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California City: check out this abandoned Utopian suburb from the 1960s

Boban Docevski

In the northern part of the Antelope Valley, at the western tip of the Mojave Desert and about 100 miles northeast of Los Angeles, there’s a suburb abandoned before it saw its first inhabitants. This abandoned planned community was supposed to be a part of a desert town called California City. A planned community is any community that was carefully planned from its inception and is typically constructed in a previously undeveloped area. In this case, because of reasons, the area remained undeveloped.

All that remains today is an unfinished road network, an artificial lake, and an abandoned hotel. The whole area looks more interesting from above. The uninhabited streets blend perfectly in the barren landscape and look like a modern version of the ancient Nazca Lines. These “geoglyphs” from the 1960s were supposed to be the veins of a functional city but unintentionally ended up as a form of land art.

 

The story behind California City itself is really interesting. It was a utopian vision of one man, that planned to make it bigger than Los Angeles. The City had its origins in 1958 when real estate developer and sociology professor Nat Mendelsohn purchased 80,000 acres (320 km2) of Mojave Desert land with the aim of master-planning California’s next great city.

He designed his model city, which he hoped would one day rival Los Angeles in size, around a Central Park with a 26-acre (11 ha) artificial lake. Growth did not happen anywhere close to what he expected. To this day, a vast grid of crumbling paved roads, intended to lay out residential blocks, extends well beyond the developed area of the city. Satellite photos show how it stakes its claim to being California’s 3rd largest geographic city, 34th largest in the US. California City was incorporated on December 10, 1965.

Today, there is absolutely nothing lining the streets of the suburb, no houses, no electric grid. Nothing except the signs showing the street names. The empty grid formed by the roads looks ghostly. It’s like a silhouette of a city that was never built. Like many other real estate developers in the 1950s and 1960s, Mendelsohn was guided by the idea that the fastest way to become rich is by owning land. That is why developers bought huge pieces of land and divided them into small plots.

Their plan was to sell them to young families that hoped to build their dream homes.This process was successful in many cases and because of it, many suburbs exist on the outskirts of big cities today. California City isn’t one of those cases and one of the reasons for its low rate of population is the increase of dust storms that was caused by the process of clearing the area for development.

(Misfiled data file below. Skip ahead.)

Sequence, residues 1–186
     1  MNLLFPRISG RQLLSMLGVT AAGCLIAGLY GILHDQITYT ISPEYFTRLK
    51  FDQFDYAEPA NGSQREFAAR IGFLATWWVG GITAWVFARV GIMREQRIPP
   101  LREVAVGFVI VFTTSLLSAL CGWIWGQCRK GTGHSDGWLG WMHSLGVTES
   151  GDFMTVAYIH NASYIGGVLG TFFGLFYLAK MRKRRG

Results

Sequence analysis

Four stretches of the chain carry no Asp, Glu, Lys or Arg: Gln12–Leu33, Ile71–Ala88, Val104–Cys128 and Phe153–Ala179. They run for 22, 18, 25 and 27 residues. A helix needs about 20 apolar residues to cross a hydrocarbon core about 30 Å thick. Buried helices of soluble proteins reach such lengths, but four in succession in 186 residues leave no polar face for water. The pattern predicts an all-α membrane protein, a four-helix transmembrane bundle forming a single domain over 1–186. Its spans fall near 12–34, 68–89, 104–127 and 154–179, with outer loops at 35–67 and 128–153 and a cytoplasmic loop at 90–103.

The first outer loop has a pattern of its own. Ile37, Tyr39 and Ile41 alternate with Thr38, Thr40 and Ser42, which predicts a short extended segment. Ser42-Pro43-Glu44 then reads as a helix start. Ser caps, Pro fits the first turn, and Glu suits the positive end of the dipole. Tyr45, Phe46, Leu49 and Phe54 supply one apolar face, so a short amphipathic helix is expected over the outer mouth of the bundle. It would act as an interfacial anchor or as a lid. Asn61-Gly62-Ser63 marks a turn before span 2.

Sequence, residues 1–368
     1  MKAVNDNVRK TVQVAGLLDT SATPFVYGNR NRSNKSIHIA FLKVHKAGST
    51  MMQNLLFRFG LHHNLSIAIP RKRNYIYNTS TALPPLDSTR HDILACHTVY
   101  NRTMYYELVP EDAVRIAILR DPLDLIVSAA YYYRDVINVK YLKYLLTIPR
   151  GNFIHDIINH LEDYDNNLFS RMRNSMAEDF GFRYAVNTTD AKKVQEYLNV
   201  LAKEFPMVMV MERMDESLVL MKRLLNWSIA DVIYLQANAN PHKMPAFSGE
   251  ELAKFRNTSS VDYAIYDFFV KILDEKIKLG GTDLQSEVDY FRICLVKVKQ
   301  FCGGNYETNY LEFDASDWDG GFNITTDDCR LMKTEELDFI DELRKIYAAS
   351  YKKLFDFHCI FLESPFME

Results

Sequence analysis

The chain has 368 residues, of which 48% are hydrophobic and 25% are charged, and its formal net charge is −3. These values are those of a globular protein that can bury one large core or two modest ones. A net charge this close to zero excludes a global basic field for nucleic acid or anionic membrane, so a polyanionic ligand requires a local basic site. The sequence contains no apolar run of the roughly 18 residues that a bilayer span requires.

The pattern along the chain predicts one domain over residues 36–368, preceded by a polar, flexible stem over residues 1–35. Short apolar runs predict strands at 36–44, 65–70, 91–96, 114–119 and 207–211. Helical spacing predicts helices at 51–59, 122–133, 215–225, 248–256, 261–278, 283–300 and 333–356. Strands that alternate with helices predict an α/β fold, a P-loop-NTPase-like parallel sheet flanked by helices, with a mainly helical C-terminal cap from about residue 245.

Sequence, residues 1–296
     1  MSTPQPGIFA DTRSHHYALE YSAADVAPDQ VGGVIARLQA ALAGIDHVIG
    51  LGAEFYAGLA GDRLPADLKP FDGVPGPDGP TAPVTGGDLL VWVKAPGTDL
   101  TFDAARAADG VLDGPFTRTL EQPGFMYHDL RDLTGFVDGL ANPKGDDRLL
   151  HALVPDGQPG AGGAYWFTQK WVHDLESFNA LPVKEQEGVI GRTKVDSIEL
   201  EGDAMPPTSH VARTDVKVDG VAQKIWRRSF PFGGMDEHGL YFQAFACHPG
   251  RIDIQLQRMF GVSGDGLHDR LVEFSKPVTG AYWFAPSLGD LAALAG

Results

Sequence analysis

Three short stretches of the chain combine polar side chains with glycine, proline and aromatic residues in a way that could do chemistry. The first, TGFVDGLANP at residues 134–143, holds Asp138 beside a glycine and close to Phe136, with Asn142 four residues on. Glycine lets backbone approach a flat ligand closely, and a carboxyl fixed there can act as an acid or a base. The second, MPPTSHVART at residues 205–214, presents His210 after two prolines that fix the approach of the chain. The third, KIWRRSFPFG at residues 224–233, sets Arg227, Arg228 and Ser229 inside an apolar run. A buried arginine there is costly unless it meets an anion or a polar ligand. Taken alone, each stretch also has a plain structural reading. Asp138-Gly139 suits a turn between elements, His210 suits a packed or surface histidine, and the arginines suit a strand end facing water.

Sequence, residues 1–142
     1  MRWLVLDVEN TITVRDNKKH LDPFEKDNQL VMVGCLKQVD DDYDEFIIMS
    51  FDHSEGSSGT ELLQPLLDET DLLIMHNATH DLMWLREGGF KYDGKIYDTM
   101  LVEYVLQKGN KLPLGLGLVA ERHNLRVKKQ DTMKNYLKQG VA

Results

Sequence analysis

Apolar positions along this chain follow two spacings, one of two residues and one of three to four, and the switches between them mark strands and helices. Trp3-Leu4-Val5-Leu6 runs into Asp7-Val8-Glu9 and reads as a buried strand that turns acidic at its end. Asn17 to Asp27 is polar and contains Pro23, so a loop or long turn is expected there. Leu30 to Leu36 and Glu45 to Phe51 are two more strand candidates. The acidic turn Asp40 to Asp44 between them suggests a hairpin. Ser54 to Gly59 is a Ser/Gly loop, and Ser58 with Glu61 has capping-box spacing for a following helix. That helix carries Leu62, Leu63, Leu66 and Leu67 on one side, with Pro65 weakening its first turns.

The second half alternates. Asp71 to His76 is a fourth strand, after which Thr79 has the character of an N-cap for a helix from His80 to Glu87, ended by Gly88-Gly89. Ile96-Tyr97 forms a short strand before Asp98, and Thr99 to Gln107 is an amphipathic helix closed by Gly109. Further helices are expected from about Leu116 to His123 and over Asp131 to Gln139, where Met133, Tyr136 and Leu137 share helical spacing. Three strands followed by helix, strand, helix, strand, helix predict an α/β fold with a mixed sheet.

This process was successful in many cases and because of it, many suburbs exist on the outskirts of big cities today. California City isn’t one of those cases and one of the reasons for its low rate of population is the increase of dust storms that was caused by the process of clearing the area for development.

Besides all that was said above, California City is not entirely abandoned. As of 2008, fifty years after Mendelsohn, California city has a total population of 14,556, living in a small town to the southwest of the vast empty grids. In spite of the areas of the City that have not developed, California City has grown from 3,200 people in 1985 to over 14,000 in 2009.

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The inhabited area of California City / source

The economy that surrounds the city is equally interesting as everything else here. North of town there is a Honda car testing facility with a well-protected test track for their future models of cars. Near this facility, there is a privately run prison, the massive California City Correctional Center with the capacity for 2,305 inmates. To the east of the city is a massive boron mine, in fact, it is the largest open-pit mine in California. The city’s biggest employer, however, is Edwards Air Force Base. This is an elite flight research center managed by NASA. Cerro Coso Community College closed escrow on 22 acres (89,000 m2) in the heart of California City for a Community College to serve the air force base. The area has also become a popular location for fans of dirt biking and off-roading, as well as an area for parachuting training.

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The Honda facility / source

At the beginning, California City suburb was planned as an ordinary living place suitable for middle-class families, but since then, it has has become something much more interesting. A training area for Air Force pilots and skydivers, an example for failed community planning, and maybe an archeological site for future generations. However, the town still has the potential to grow. According to statistics, California City is the 12th fastest growing city in California.